Iran engages in indirect attacks on US to avoid a direct confrontation it would lose
The crisis over the Iranian downing of an American Global Hawk unmanned aerial vehicle has cooled somewhat but could flare up at any time. President Trump was right to call off a strike on Iranian facilities, even if his last-minute decision upset the process-oriented Pentagon. It was hardly the first time a president called off a strike just as the military was ready to move: Bill Clinton did exactly the same thing in November 1998, when he called off a missile strike on Iraq.The Israelis have had some success at thwarting Iranian attacks and hitting where Iran's forces are vulnerable in Syria and Lebanon. But Zakheirm is right about their use of indirect attacks. The attacks on shipping are an example of such approaches. They went after commercially owned ships and not the US Navy in the area around the Straights of Hormuz. They use proxies to attack Saudi Arabia and Israel. It is a cowardly approach that has allowed them to avoid direct attacks most of the time.
Trump said that he did not want 150 people killed in an operation against Iranian facilities. In any event, Tehran would have responded as it has in the past, not with a direct attack on U.S. forces but, rather, by indirection.
Indirect attacks, such as the October 1983 bombing of the U.S. Marines barracks in Beirut — which elements of Hezbollah carried out but which Iran instigated — or the planting of Iranian IEDs by various insurgent groups during the course of the Iraq War, always have been Tehran’s preferred modus operandi. The Iranian Revolutionary Guard Corps (IRGC) was certainly at the center of the attacks in Iraq, and possibly that of Beirut as well, just as it appears to have been behind the attacks on two Japanese oil tankers in the Gulf of Oman. Such attacks are as deniable as they are lethal, and are not geographically limited to the Middle East — or, for that matter, any particular part of the world.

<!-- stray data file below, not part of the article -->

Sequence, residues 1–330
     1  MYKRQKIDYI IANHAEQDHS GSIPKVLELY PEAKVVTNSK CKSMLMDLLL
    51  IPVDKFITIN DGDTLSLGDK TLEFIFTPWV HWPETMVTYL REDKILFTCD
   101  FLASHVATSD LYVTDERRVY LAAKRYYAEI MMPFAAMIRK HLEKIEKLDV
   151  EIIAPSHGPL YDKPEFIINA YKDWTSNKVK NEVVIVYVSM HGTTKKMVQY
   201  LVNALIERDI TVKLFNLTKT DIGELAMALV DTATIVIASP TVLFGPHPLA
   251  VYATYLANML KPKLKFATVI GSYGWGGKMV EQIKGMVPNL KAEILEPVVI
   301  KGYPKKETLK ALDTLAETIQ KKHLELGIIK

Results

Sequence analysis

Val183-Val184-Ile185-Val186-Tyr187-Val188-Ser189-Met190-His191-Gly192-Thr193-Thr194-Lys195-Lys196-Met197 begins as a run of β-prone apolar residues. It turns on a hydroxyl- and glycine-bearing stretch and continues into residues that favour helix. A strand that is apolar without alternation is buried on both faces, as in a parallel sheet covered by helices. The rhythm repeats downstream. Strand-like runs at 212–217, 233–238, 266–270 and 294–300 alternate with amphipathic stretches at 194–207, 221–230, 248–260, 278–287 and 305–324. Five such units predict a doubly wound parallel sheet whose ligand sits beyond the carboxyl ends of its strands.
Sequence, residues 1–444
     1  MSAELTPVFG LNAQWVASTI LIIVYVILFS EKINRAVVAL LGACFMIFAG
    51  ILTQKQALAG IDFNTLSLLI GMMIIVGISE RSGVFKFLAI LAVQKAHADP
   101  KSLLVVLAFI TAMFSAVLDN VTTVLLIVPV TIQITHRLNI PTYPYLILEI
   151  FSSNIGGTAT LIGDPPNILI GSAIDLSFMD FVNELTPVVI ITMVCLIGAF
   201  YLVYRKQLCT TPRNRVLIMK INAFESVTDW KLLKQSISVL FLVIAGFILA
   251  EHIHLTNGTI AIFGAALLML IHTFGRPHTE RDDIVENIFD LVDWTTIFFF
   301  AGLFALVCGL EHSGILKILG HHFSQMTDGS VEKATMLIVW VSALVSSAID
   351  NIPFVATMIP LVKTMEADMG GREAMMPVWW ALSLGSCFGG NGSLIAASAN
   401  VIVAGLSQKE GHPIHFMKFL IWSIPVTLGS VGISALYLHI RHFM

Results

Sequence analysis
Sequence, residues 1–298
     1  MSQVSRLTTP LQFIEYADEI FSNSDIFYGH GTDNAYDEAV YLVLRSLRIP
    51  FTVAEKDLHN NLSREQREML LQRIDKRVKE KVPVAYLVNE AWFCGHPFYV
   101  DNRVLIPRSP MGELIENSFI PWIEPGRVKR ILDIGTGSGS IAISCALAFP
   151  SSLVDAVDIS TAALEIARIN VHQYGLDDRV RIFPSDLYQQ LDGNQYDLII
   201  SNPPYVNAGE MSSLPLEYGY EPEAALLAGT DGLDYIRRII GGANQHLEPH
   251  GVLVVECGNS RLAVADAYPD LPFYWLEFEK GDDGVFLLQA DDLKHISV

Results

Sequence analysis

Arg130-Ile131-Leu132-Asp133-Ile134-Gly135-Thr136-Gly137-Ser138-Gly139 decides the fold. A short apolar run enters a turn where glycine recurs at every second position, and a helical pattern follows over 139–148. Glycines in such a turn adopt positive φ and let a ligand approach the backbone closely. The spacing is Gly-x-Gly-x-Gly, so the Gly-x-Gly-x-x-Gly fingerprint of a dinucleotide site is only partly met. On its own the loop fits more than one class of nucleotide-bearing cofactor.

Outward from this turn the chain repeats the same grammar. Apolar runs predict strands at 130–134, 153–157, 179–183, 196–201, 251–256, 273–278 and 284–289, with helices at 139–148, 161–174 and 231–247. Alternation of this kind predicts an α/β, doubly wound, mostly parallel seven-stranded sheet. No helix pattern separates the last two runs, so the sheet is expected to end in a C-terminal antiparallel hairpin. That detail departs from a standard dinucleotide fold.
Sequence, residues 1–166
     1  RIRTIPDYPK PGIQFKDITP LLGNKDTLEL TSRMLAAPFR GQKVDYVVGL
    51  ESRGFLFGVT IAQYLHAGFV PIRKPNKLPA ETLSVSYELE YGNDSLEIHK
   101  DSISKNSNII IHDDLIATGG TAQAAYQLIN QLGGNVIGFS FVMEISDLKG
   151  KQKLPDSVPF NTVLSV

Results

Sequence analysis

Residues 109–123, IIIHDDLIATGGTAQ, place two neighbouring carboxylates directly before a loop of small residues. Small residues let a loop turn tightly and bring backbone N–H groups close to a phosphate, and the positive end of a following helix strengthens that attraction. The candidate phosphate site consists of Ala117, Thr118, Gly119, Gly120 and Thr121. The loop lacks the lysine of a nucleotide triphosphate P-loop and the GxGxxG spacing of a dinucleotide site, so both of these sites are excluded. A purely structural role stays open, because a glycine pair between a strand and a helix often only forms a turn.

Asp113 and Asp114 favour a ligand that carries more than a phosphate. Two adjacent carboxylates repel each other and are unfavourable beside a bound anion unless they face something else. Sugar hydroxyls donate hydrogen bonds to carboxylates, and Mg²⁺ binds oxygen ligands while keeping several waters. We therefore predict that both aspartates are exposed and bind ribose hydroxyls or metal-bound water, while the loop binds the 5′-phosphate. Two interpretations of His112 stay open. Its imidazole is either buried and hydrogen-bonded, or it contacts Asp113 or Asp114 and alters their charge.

The key figure behind many, if not most, of Iran’s strikes against American or Western targets — Qasem Soleimani, longtime leader of the IRGC’s Quds Force — is particularly adept at striking at U.S. forces and interests in a deniable manner. Soleimani knows that a direct confrontation with U.S. forces would not result in a positive outcome for Tehran. As one Middle Eastern leader recently told me, “Soleimani is nobody’s fool.”